Bernie Against the Billionaires

Bernie Sanders is right to want to hike the estate tax — there’s no reason for billionaires to exist, and there’s definitely no reason to allow their failsons to inherit their fortunes.

Vermont senator Bernie Sanders addresses the crowd during the annual Martin Luther King Jr Day at the Dome event on January 21 in Columbia, SC. Sean Rayford / Getty

Republican senators Mitch McConnell, Chuck Grassley, and John Thune introduced legislation early last week to repeal the estate tax, the tax on large inheritances that currently applies to only 1,700 American families per year. Their bill would provide up to $63 billion in tax breaks for the Walton family, which owns Walmart, and $39 billion for the Koch brothers’ brood.

That money could go toward universal health care, tuition-free public college, housing the homeless, paying public school teachers a living wage, or solving any number of social problems faced by the American working-class majority. Instead, Republicans want to put it toward the strengthening of modern dynasties.

Vermont senator Bernie Sanders isn’t just trying to stop them. He’s gone a step further and introduced his own bill to beef up the estate tax. As he unveiled his proposal, Sanders said:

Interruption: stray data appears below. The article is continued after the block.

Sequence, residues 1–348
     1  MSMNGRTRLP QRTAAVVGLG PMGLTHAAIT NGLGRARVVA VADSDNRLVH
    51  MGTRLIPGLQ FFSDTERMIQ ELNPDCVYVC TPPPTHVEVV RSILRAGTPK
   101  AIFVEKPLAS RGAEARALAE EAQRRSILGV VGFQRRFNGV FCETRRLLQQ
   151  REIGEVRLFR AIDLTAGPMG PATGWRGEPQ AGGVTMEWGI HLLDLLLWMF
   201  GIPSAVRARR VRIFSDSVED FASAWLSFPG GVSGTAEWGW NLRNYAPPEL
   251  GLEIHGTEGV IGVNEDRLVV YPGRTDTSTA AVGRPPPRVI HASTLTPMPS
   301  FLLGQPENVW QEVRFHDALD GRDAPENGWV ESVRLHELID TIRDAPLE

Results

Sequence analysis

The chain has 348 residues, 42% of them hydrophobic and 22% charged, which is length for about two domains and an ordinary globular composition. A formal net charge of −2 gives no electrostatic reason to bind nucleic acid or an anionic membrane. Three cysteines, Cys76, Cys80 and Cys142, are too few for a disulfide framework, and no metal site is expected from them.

Instead of repealing the estate tax, we should substantially increase this tax on the multi-millionaires and billionaires of this country, and in doing that not only come up with much-needed revenue to address the needs of working families, but also to reduce wealth inequality in America. And that is why this week I will be introducing legislation for an estate tax bill that would do exactly the opposite of what my Republican colleagues propose to do.

Under Sanders’s bill, inherited estates worth more than $3.5 million will be taxed 45 percent or more. The scale is steeply progressive, culminating in a 77 percent tax on inheritances over a billion dollars — nearly double the current rate.

Conservatives will react to Sanders’s bill in a few predictable ways. First, they’ll probably try to trick people into believing he wants to impose a massive tax on all inheritances, not just those beginning at a multimillion-dollar threshold. This is the same maneuver they pulled in response to New York representative Alexandria Ocasio-Cortez’s proposed 70 percent top marginal tax rate, and something they’ve tried with rhetoric about the “death tax” before.

And second, they will tell us that rich people earned their money and should get to keep it as a reward for their hard work. For an example, take a look at this op-ed calling Sanders’s bill an “inherently immoral” attempt to “penalize innovators.”

To this, there are two responses. First, we’re talking about dead people here, and dead people’s children. Did Wyatt Koch, the Koch heir who designs money-themed patterned shirts when he’s not partying at Mar-A-Lago, lift a finger to build his father’s and uncles’ fortunes? No, he did not. In fact, Wyatt has never needed to work at all — the shirt thing is just a hobby, sort of like the cosmetics line of Peter and Harry Brant, the “dandy teenage boulevardiers of New York society” who can be spotted at charity galas in “ensembles that would have made Little Lord Fauntleroy blush.” What exactly do these kids “deserve,” and why? They haven’t done anything but be born into rich families.